The Legend of Zelda: Tears of the Kingdom drops on Friday and is apparently the bee’s knees. But why spend money on a new game when you have perfectly good versions of the same experience broken up across multiple completely different games right now? That’s right, you can enjoy all of Tears of the Kingdom’s signature mechanics – Ultrahand, Fuse, Ascend, and Recall – without dropping $70 bucks (or its future sale price of $68.75). All you have to do is dig up a few games, kick your imagination into overdrive, and ignore everyone talking about how great Zelda is to enjoy an approximation of the Link’s latest adventure.
Who Needs Ultrahand When You Have Banjo-Kazooie: Nuts & Bolts
As cool as Tears of the Kingdom’s Ultrahand mechanic looks, Banjo-Kazooie: Nuts & Bolts let players slap together random parts to make vehicles before it was cool. Carts, planes, and everything in between could be constructed to overcome challenges in similarly inventive ways. I also recommend just bolting guns to everything to solve problems in a more straightforward fashion.
@game_informer We learned recently that the key to success in Banjo-Kazooie: Nuts & Bolts is to add a gun to your vehicle. #videogames #videogame #banjokazooie #gameinformer ♬ original sound – Game Informer
If you don’t believe me, you can watch us prove you wrong in our ongoing Super Replay of the entire game.
Who Needs Fuse When You Have Dead Island 2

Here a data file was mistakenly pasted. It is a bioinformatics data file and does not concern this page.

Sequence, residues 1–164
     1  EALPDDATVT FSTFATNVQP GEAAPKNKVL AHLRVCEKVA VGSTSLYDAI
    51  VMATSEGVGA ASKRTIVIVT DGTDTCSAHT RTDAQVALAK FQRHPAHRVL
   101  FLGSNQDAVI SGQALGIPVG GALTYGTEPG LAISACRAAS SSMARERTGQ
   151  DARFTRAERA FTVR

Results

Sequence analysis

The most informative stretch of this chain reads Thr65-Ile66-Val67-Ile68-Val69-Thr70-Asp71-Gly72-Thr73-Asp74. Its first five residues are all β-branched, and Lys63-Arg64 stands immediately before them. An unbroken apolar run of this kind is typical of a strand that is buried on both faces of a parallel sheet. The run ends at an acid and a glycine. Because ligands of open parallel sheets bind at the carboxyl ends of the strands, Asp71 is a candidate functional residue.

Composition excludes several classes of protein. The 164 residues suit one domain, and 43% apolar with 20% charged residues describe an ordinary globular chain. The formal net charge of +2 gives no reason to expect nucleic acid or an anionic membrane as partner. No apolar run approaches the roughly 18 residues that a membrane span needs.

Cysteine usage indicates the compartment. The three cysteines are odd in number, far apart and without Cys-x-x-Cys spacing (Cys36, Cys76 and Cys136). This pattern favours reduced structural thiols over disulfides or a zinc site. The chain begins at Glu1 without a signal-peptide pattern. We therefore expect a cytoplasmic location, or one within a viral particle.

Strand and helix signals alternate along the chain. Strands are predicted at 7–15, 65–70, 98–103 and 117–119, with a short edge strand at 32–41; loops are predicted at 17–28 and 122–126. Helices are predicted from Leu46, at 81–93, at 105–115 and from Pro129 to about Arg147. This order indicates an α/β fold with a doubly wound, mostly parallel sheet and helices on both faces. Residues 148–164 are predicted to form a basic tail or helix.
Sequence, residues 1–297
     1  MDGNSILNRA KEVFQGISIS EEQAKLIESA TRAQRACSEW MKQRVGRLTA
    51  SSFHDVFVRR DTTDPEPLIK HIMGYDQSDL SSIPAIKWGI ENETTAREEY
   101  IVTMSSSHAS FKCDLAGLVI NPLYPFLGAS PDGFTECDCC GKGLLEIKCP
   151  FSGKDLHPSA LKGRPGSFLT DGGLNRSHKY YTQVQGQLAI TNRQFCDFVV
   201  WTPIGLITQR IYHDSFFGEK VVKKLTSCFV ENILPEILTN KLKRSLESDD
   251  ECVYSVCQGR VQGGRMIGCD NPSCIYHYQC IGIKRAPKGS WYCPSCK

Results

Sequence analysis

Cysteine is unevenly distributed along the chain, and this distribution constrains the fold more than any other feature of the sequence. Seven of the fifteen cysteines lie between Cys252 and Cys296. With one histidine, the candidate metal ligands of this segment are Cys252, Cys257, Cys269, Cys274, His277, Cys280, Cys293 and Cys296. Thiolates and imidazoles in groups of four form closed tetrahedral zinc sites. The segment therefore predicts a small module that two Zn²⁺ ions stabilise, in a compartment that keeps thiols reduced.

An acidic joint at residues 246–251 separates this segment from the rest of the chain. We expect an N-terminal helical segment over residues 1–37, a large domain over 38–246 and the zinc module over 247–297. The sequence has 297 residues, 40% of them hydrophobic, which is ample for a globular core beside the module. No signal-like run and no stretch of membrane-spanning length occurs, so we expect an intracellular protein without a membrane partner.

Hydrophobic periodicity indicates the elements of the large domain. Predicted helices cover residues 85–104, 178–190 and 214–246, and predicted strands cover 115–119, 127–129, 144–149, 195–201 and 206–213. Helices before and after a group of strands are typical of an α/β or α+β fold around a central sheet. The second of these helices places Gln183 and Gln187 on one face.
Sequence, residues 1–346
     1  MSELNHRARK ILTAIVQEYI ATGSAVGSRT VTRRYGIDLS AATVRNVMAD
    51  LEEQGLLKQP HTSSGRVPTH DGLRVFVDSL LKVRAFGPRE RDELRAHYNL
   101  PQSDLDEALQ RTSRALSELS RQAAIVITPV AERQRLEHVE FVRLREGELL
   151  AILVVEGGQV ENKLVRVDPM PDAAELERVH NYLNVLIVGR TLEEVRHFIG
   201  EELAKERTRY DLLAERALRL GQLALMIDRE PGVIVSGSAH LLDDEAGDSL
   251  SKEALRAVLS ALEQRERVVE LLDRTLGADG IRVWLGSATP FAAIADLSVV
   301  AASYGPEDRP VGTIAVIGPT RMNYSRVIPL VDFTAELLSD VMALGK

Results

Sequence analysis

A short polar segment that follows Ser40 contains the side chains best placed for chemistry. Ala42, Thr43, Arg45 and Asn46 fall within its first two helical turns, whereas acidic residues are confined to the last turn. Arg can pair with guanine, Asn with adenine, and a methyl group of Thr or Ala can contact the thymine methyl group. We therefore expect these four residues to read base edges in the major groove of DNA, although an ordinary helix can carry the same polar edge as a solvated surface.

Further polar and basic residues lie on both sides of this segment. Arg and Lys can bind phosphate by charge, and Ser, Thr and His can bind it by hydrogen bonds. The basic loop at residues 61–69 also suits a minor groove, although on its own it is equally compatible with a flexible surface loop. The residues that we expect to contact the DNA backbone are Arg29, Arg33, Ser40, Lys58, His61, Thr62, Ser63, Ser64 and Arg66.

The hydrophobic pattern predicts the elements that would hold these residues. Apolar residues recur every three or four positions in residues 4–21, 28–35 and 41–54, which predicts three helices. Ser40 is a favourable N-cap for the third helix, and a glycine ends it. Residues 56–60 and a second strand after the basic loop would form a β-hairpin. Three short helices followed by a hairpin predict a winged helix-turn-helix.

A plethora of video games let you combine anything that isn’t bolted to the ground to make custom weapons, but Dead Island 2 towers above the rest for being the most recent one. Sure, you have to visit a workbench and can’t craft weapons on the fly like in Tears of the Kingdom, but I’m pretty sure Link can’t tie batteries to adhesives to make sick electric Wolverine claws. Probably.
Who Needs Recall When You Have Singularity
Remember Singularity? That underrated shooter where you used a cool time manipulation glove to do cool time manipulation stuff? It probably deserved more love than it got for letting players rewind and fast-forward objects through time, among other fun tricks. Okay, you got me. This is really just a Singularity appreciation post. Please give us a sequel, Activision.
Who Needs Ascend When You Have… Dark Void?
Look, it was hard to find an analog for this one but Ascend largely boils down to rocketing yourself in a vertical direction. That’s, like, Dark Void’s whole deal. Although protagonist “Nathan Drake With A Jetpack” probably couldn’t phase through ceilings and mountains unless the game self-destructed, he can indeed fly upwards around those things, which, unlike Link, means he’s not in danger of getting trapped inside of a rock or something. Point to Dark Void.
Who Needs A Massive Open-World Adventure Set In Hyrule When You Have Immortals Fenyx Rising
Telling you to just play Breath of the Wild itself would be cheating, so I went with the next best
ripoff thing. Ubisoft’s Greek-flavored facsimile of BOTW hits a lot of the same notes, from letting you climb nearly everything to its similar take on physics-based puzzle-solving to gliding all over the place. The only downside is that characters speak much, much more often, but there’s a magical button on your remote that solves this problem.
As a bonus, all of these games sans Singularity are playable on Xbox Series X/S, which is key because you’ll need to quickly swap between them using the Quick Resume feature. Do this fast enough, and these games eventually blur into a budget-friendly hodgepodge barely resembling the year’s hottest release. Also, play Singularity. Have fun!